Aluminum Extruders Council Members Make their Voices Heard in Washington
October 5, 2016; Wauconda, Illinois - The Aluminum Extruders Council (AEC) made the industry’s voice heard on Thursday, September 29, 2016 during Aluminum Week held in Washington, DC with the Aluminum Association. AEC members called on the government to act on lingering circumvention and duty evasion issues related to certain Chinese aluminum extrusion imports and China’s overcapacity in primary aluminum production. Members of the Council met with staff members of their elected officials and testified at the U.S. International Trade Commission hearing on “Aluminum: Competitive Conditions Affecting the U.S. Industry”.
AEC members met with the staff members of Senators Ted Cruz (R-TX), John Cornyn (R-TX), Chuck Grassley (R-IA), Joni Ernst (D-IA), Sherrod Brown (D-OH), Debbie Stabenow (D-MI), Marco Rubio (R-FL), Gary Peters (D-MI), Mitch McConnell (R-KY), and Bob Casey (D-PA) to discuss key issues affecting the aluminum extrusion industry and to ask for help. One issue was a circumvention and evasion problem with the Zhongwang Group. As outlined in a recent Wall Street Journal article (Patterson, Miller, Yap; September 8, 2016), Zhongwang has been taking incredible efforts to evade the U.S. trade laws by shipping products into the U.S. and Mexico. The Zhongwang Group is comprised of a vast network of affiliates involved in the production, transportation, and storage of aluminum extrusions and rolled products. Mr. Zhongtian Liu uses the Group to shuttle aluminum products across borders, circumventing not just U.S. antidumping and countervailing duty orders on extruded aluminum, but also Chinese duties on exports of primary aluminum products. Their plan brings “pallets” (which are just semi-welded extrusion products) into the U.S., re-melts them and then sells them as U.S. domestic extrusion products. “Commerce is close to deciding two important issues, one dealing with the pallets (scope) and another dealing with how Zhongwang is circumventing the extrusion cases by manipulating the metal to avoid duties,” said AEC President Jeff Henderson. Senate staffers were asked to help AEC by requesting a decision from Commerce on the issue, which has been languishing for a year.
Aluminum issues at the macro level were also discussed. Specifically, AEC members asked that the Senators contact the U.S. Trade Representative’s office urging them to take Century Aluminum’s World Trade Organization (WTO) case which is related to China’s overcapacity in primary aluminum production and how that affects the global aluminum market. “While lower primary aluminum prices seem like a good thing, it’s not,” said Henderson. “China will eventually drive out domestic and other sources, and then our domestic premiums will increase making us less competitive to our foreign competitors. Eventually our orders go and then so do we as a domestic industry. Is that really wise, especially since aluminum extrusions are used in a wealth of building and construction, automotive, aerospace and defense applications here in the U.S.?”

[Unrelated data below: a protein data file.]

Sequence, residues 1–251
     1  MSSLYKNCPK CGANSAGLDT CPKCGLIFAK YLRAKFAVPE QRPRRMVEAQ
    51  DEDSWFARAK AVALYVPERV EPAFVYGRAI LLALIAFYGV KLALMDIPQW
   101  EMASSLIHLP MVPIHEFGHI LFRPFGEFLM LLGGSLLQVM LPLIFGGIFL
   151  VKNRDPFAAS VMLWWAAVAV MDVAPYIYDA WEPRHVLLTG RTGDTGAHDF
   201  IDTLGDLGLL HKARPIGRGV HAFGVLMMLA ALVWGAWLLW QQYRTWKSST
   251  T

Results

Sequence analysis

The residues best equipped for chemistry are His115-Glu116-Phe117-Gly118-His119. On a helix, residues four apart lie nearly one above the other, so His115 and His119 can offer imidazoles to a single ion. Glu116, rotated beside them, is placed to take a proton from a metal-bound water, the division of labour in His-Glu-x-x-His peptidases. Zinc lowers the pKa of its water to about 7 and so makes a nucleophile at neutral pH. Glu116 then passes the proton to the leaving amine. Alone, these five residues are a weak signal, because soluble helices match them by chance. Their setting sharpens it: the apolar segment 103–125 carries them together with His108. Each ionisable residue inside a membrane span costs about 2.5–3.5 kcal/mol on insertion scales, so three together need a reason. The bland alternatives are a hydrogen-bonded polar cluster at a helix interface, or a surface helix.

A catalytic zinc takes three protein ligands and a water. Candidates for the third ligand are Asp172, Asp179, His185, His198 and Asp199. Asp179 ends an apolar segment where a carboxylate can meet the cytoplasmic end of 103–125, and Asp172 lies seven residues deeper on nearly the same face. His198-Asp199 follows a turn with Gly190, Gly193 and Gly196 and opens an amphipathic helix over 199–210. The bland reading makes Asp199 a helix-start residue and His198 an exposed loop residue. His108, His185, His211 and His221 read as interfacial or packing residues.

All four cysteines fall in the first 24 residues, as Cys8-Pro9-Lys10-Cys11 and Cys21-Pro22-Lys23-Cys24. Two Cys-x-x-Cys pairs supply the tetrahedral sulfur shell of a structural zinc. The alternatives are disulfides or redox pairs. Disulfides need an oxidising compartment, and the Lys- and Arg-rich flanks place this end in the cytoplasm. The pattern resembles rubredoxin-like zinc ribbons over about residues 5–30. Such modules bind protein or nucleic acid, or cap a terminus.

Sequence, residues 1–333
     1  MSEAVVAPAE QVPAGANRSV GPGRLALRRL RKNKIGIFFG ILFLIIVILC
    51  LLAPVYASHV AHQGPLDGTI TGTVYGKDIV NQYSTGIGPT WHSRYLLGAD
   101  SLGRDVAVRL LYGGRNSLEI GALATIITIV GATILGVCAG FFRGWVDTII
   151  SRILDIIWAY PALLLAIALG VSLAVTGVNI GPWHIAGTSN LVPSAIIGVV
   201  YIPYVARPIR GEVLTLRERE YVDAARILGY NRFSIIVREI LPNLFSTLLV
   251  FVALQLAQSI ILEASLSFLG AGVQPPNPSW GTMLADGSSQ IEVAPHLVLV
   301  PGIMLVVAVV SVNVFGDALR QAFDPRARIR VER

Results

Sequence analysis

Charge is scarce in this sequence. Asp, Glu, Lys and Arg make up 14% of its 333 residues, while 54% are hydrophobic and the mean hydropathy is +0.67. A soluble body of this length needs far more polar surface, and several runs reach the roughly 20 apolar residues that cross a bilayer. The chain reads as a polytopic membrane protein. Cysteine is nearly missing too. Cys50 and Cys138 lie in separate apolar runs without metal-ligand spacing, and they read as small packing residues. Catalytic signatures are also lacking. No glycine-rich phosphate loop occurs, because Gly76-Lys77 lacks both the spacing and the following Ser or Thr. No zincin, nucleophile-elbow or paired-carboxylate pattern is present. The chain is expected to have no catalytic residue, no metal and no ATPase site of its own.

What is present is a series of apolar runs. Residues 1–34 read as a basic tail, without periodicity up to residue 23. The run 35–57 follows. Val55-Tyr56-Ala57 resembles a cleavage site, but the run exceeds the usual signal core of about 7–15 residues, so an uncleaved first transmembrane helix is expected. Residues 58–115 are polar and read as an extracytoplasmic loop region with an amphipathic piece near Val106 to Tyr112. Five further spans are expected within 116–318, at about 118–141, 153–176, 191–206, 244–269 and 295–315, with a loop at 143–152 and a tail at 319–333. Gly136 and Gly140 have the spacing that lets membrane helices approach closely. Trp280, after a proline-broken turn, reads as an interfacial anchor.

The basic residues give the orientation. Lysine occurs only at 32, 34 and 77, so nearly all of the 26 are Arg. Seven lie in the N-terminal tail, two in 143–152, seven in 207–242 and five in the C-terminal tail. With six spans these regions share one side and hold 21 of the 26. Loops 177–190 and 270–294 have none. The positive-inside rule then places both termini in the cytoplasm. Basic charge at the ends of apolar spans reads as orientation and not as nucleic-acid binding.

Meanwhile, other AEC members testified at the ITC 332 hearing, which had been requested by the Aluminum Association. The Commission is tasked with studying the impacts of the Government of China’s policies in the aluminum industry and its impacts on the U.S. AEC President Jeff Henderson, along with Susan Johnson President of Futura Industries Corp. in Clearfield, UT; Jason Weber, Dir. Business Development - Emerging Markets of Sapa Extrusion North America in Rosemont, IL; and Brook Hamilton, President and General Manager of Bonnell Aluminum in Newnan, GA testified on China’s over-production of extrusions, circumvention and transshipment charges, pricing issues, and a myriad of other concerns.
“All-in-all it was a very good day for the Aluminum Extruders Council and we hope to keep the pressure on our government with these important issues. The aluminum extrusion industry is not against competition as long as it’s fair,” said Henderson.
The Aluminum Extruders Council (AEC), established in 1950, is an international association dedicated to advancing the effective use of aluminum extrusion in North America. AEC is committed to bringing comprehensive information about extrusion's characteristics, applications, environmental benefits, design and technology to users, product designers, engineers and the academic community. Further, AEC is focused on enhancing the ability of its members to meet the emerging demands of the market through sharing knowledge and best practices. Advocacy programs ensure that aluminum extruders, suppliers and their products remain relevant and viable in an ever-changing legislative and regulatory climate. More than 120 member companies represent primary aluminum producers and other industry suppliers in addition to aluminum extruders operating hundreds of extrusion presses in hundreds of plants worldwide. For more information, visit the website at www.aec.org; contact AEC at firstname.lastname@example.org.
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